Last Updated:Friday - 09/24/2010
August 25, 2002
PM deals with 'religion problem'
It's sorta nice to hear Prime Minister Jean Chretien say, "I'm Catholic and I'm praying." Nice, but one is left with the lingering sense that the prime minister takes neither his Catholicism nor his prayer seriously. For he goes on to say, "But I am the prime minister of Canada. When I'm prime minister I'm acting as the person responsible for the nation, and the problem of religion I deal with."
In other words, he gives God a few minutes of his day, but doesn't give him much consideration when dealing with something really important - being the prime minister of Canada.
One cannot help but think of Percy Bysshe Shelley's reflection about an inscription written on two legs of stone standing alone in the desert, the relic of a once-great monument to a long ago ruler: "'My name is Ozymandias, King of Kings: Look upon my works, ye Mighty, and despair!' Nothing beside remains. Round the decay/Of that colossal wreck, boundless and bare/The lone and level sands stretch far away."
Pope John Paul has said one of the greatest temptations facing lay people today is the separation of faith and life. If our lives are to be worth more than lone and level sands that stretch far away, we ought to be striving mightily to unite faith and life. We ought to strive to act in such a way that our actions have eternal significance. And we can only do that by uniting the great purposes of our lives with those of God.
Many will object that Church and state ought to be separated - that is, that the Church ought to shut up when matters of great significance are being debated. Oh, such folly! Is there no limit to the belief in human omnipotence - the belief that we can do it all ourselves without reference to the One who made us? Is there no limit to human pride?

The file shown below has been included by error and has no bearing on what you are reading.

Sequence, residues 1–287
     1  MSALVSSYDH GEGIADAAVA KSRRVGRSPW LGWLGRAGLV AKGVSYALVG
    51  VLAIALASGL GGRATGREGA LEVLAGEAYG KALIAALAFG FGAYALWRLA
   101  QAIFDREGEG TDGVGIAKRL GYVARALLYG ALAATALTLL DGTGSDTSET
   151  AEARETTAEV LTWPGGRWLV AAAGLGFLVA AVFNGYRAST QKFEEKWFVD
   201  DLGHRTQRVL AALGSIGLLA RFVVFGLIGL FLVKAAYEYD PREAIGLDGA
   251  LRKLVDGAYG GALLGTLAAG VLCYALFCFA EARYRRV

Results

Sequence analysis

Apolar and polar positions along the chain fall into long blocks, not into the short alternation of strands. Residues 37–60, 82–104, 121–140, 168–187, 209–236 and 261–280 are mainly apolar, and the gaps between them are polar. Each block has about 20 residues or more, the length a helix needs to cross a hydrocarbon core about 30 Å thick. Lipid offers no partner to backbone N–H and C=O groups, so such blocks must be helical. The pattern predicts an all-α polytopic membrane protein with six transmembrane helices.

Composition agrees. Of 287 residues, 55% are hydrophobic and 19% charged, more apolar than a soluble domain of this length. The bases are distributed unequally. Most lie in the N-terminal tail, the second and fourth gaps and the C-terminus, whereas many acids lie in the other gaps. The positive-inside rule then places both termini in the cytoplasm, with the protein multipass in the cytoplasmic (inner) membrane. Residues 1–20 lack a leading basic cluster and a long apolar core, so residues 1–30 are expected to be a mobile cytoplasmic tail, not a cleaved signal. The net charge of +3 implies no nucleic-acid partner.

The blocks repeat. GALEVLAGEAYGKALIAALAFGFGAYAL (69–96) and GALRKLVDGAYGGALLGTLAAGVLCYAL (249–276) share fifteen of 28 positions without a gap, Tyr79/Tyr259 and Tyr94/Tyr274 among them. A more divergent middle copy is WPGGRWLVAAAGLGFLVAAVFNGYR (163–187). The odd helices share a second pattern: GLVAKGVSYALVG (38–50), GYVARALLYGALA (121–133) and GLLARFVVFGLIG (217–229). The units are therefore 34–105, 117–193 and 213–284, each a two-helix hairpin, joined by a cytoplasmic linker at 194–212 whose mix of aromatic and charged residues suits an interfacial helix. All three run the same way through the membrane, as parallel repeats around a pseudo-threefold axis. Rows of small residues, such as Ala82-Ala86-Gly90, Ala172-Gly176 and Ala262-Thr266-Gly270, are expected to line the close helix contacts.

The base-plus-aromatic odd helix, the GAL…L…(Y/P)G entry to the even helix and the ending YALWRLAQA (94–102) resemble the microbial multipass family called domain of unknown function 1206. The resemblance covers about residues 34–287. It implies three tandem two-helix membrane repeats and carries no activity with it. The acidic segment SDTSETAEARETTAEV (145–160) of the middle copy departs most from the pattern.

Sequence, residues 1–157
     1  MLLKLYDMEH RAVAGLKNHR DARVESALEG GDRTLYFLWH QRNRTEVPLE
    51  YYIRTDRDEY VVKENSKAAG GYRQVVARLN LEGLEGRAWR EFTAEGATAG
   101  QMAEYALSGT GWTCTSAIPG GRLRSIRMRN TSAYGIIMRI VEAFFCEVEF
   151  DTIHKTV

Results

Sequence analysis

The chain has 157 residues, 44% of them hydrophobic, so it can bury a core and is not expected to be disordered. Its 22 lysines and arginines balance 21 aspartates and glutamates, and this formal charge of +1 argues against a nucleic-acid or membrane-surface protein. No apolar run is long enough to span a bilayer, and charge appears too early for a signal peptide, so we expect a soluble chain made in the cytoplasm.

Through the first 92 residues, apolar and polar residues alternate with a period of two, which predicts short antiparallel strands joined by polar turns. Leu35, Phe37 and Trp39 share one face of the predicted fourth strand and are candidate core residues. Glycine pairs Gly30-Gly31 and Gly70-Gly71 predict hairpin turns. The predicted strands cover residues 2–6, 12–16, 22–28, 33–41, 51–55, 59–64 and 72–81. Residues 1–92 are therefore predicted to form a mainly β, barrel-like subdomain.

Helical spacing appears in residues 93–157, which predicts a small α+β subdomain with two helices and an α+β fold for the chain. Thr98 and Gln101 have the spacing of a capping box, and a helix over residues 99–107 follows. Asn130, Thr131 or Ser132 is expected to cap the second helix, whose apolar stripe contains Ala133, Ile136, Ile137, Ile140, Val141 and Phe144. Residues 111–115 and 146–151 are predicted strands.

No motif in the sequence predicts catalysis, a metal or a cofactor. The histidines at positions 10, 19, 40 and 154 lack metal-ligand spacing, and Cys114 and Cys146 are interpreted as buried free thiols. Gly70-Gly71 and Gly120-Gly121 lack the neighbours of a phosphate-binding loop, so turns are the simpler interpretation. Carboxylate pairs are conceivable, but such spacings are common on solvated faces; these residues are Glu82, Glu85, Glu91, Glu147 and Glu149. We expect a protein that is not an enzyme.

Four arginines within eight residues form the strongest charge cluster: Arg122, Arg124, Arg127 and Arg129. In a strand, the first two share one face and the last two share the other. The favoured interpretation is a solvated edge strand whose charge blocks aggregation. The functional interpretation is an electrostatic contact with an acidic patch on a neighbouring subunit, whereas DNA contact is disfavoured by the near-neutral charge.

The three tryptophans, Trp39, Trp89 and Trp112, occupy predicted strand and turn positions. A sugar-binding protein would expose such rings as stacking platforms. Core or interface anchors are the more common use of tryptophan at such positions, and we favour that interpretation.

Western society has achieved great wonders - cures for previously incurable diseases, computers, air conditioning, the Internet, smart bombs, and satellites that photograph every planet in the solar system close up. But woe to us if the electrical system breaks down!
Where do we go for the wisdom we need to make decisions affecting the very fabric of society? To lobbyists and pressure groups? To the fundamentalist belief that tolerating any evil brings enlightenment and social harmony?
Religious leaders are as fallible as the rest of us. But part of their job is to bring the wisdom of the ages to bear on the problems of today. Are we so vain as to believe that the musings of an age that deliberately fosters reduced attention spans are worth more than the prophets, philosophers and holy people of the last 4,000 years?
When the Vatican's Congregation for the Doctrine of the Faith asks Catholic politicians to "take account" of certain "ethical indications" and "moral duties" regarding proposals for same-sex "marriages," it is not imposing its private views on the public sphere. It is raising its voice on behalf of the natural law, on behalf of principles of morality and social organization that ought to apply to all peoples in all times. And it should not be surprising that leaders of other faiths have reached similar conclusions.
Ours is a society that has badly lost its way. We cannot figure out that marriage is "the union of one man and one woman, to the exclusion of all others" - an understanding our prime minister voted for in June 1999 but rejects today.
We do not see or care about the great burden with which we are saddling future generations because of our fiscal, environmental and social irresponsibility.
We underfund the educational system which has played a large role in creating our current prosperity.
We want everything today and tomorrow be damned.
Chretien says he is responsible for the nation and "the problem of religion" is something he will "deal with" in some other way.
Is this really the shallow, vacuous leadership Canadians want?
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